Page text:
“It's one of the main places where we generate the most money,” said the cartel operative, who did not want to be named. “In one day, we get from five to eight [bladders]. And we send every week to the U.S. approximately 40. It's $475,000 a week, just from the U.S.”

A fisherman involved in the totoaba fishery, who also did not wish to be named, said the high premiums paid for illegally catching the fish made it hard to resist for him and his colleagues, who otherwise struggled to make ends meet.

“As it goes here in San Felipe, you have to get by somehow.” –A totoaba fisherman

“As it goes here in San Felipe, you have to get by somehow,” he said. “Lots of fishermen risk their lives to put any food on the table. Maybe half of all the fishermen are involved in this.”


“There's a reason this fish was once called ‘sea cocaine.’ For as long as there are buyers, this is not going to end.”

Mexican authorities have taken steps to counter the illegal trade and protect the vaquita, including creating a federally protected zone called the Vaquita Refuge, which houses a “zero tolerance area” where all fishing activity is banned. Authorities have encouraged fishermen engaged in legal fishing to use more ecologically sustainable nets that are safer for the vaquita, and the Mexican Navy has dropped concrete blocks topped with metal hooks that rip and destroy gillnets in the vaquitas’ habitat.

But the measures taken so far have failed to arrest the catastrophic decline in the vaquita population. And while gillnet fishing is banned throughout much of the upper Gulf of California, the practice remains widespread.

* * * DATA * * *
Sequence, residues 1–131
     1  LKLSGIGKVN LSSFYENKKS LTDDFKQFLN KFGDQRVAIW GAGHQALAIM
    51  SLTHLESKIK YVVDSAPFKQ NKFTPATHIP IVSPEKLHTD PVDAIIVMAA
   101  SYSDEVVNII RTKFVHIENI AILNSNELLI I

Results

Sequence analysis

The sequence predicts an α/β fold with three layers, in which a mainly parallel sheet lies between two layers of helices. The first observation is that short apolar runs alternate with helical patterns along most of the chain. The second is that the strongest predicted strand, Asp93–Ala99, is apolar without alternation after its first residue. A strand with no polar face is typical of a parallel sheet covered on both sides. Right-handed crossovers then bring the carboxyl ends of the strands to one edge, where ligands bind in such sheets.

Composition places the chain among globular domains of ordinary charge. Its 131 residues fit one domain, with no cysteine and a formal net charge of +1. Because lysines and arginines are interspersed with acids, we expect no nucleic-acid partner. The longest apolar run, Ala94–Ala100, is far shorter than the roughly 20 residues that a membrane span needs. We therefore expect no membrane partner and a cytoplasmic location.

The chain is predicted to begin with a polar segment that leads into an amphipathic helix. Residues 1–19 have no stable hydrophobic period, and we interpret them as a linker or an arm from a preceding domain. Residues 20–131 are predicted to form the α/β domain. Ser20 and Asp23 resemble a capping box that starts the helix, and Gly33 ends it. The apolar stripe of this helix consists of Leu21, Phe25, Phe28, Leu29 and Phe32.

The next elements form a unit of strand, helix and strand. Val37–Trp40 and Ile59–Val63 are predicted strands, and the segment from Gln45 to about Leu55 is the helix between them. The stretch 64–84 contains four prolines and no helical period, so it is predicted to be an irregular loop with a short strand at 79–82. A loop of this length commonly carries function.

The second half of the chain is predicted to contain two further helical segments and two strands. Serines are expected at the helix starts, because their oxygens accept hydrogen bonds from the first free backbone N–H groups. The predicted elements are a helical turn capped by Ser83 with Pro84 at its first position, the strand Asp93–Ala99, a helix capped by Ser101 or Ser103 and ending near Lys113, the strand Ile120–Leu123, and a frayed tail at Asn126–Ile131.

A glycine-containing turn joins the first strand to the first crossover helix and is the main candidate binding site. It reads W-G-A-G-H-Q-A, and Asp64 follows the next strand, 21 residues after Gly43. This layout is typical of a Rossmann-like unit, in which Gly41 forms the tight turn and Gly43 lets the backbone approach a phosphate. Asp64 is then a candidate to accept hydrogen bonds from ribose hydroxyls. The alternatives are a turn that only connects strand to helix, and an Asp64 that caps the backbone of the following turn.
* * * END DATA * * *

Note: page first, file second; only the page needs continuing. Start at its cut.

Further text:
Meanwhile, according to Andrea Crosta, the director of Earth League International, targeting Chinese totoaba traffickers in Mexico would be the most effective approach to clamping down on the trade. His nonprofit has investigated totoaba trafficking, but recent prosecutions of suspected totoaba traffickers in Mexico have often failed to produce results.

“For as long as there are buyers, this is not going to end.”

One of the biggest arrests in recent years of a Chinese totoaba trafficker operating in Mexico was a member of a Chinese crime syndicate who was caught with more than 200 totoaba bladders, worth an estimated $20 million. But in April, the suspect reached a “compensation agreement” with Mexican authorities and was released. 


Barbara Taylor, a retired scientist for the National Oceanic and Atmospheric Administration, has worked in vaquita conservation for more than three decades and is the leading US expert on the subject.

She said the status quo, which looked set to doom the species, remained in place due to two main factors.

“We're still in this position largely because of lack of governmental will and lack of real, solid economics to make it move from an unsustainable fishery to a sustainable fishery,” she said.

For the Mexican government, she said, there was a clear moral incentive to act more decisively to save the species.

“Not driving their largest endemic mammal extinct on their watch,” she said. “I mean, that, to me, is something that you shouldn't be proud of.”

Watch the new VICE documentary The Cartel’s Cash Catch in English here, or in Spanish here.